At Tuesday night's Anchorage Assembly meeting, members voted unanimously to approve a liquor license transfer that could pave the way for a major restaurant chain to come to Alaska's largest city.
Rumrunner's – a bar and restaurant -- was the subject of an effort to strip the establishment's liquor license after years of problems including hundreds of police calls. Area merchants said the business was a source of late-night vandalism and damage caused by drunken patrons carousing in the downtown area after the bar closed for the night.
Some businesses near the proposed Hard Rock Café site say they believe the restaurant chain will help drive foot traffic throughout downtown Anchorage, and some believe Hard Rock will be a better neighbor than Rumrunner's.
"I feel that the Hard Rock will bring a good amount of people, and a decent clientele; they will have a higher standard," said Chris Robuk, manager of the Alaska Mint, which is across the street from the future Hard Rock site.
The Hard Rock Café was started in London, England in 1971. Thirty-six years later, it was sold to the Seminole Indian Tribe of Florida. Today, the restaurant, hotel, and casino chain has 175 locations in 53 countries, the closest of which is in Seattle. The Anchorage location would be the first in the 49th state. Construction is scheduled to begin within the next 30-60 days, and the new Hard Rock Anchorage should open next spring.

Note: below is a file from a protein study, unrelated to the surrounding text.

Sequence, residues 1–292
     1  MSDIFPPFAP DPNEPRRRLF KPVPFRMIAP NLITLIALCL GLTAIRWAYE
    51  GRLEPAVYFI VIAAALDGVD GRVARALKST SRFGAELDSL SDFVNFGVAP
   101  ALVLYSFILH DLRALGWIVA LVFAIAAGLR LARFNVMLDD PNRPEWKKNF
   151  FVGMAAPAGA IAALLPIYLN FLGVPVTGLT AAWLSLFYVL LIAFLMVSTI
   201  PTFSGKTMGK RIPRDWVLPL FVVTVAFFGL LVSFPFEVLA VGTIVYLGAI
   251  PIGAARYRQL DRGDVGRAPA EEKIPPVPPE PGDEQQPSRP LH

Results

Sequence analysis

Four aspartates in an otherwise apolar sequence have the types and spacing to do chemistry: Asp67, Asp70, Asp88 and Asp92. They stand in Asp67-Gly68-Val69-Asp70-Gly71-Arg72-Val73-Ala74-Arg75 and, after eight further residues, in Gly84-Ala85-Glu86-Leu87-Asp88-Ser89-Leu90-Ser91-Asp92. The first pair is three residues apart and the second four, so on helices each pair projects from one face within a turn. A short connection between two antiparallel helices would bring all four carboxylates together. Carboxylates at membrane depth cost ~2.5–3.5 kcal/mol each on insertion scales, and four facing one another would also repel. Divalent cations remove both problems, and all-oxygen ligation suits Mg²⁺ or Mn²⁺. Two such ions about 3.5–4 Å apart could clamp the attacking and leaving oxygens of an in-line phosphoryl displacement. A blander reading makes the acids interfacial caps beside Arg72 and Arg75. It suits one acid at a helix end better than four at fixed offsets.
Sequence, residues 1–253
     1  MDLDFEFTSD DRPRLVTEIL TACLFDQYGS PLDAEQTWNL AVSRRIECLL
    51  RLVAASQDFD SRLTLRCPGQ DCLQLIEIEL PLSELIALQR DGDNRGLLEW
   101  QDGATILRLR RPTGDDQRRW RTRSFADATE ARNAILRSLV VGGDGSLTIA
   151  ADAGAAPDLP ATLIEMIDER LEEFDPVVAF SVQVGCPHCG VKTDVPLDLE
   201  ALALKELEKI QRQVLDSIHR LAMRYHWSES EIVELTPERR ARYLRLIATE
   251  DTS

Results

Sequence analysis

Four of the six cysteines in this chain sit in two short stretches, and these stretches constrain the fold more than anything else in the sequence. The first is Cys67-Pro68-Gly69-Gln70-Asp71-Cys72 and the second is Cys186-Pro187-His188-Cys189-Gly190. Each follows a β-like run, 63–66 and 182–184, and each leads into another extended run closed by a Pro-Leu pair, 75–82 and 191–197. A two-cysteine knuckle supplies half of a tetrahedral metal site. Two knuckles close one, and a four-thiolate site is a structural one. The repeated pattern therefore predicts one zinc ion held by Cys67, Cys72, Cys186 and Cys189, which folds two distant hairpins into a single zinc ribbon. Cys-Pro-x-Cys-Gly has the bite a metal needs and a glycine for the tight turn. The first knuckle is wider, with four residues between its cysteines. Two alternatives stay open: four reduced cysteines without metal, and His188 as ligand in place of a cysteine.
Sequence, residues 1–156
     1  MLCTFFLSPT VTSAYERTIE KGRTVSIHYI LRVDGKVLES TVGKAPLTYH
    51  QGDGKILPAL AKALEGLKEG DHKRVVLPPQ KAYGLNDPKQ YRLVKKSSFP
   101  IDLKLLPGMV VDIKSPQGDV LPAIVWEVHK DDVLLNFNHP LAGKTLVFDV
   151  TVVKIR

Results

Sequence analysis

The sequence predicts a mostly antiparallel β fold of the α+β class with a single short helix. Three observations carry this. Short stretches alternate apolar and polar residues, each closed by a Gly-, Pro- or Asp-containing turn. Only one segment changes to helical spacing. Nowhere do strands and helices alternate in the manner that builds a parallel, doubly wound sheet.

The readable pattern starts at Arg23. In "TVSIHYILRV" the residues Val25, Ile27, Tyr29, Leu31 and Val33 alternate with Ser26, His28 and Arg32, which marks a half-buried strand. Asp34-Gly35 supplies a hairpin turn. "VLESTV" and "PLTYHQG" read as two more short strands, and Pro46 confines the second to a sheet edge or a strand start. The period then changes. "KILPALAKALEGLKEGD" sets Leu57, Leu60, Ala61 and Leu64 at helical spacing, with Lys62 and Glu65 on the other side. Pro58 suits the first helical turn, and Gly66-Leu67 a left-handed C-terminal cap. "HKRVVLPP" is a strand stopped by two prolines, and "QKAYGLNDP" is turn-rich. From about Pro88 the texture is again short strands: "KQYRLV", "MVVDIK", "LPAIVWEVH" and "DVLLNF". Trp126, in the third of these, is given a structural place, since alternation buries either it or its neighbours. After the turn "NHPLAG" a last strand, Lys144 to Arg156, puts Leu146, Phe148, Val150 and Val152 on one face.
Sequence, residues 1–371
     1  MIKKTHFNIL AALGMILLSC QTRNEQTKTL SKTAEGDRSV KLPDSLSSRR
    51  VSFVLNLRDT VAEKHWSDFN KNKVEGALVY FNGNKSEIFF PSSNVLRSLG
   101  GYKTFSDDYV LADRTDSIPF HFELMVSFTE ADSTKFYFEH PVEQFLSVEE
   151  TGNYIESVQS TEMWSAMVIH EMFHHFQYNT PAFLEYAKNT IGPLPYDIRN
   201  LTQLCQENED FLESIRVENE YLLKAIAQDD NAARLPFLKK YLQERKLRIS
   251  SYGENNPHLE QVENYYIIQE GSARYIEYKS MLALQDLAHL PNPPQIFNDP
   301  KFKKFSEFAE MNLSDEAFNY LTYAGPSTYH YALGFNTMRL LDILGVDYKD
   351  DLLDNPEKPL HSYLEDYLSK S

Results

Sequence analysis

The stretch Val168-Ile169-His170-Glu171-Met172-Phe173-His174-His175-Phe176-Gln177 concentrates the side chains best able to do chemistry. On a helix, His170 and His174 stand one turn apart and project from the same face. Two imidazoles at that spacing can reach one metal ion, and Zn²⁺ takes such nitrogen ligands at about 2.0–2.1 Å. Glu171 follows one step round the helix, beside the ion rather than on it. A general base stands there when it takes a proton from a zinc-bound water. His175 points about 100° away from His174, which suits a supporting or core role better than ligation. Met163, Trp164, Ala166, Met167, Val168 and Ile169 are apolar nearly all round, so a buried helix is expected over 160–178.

"I feel really good about it," said Bob Neumann, owner of the nearby Anchorage Hotel. "It's going to be a real plus to the downtown area."
The Hard Rock franchise is currently building up its chain of hotels and casinos. Its restaurants, like the one coming to Anchorage serve casual-dining fare and offer a wide variety of music and collectable memorabilia.
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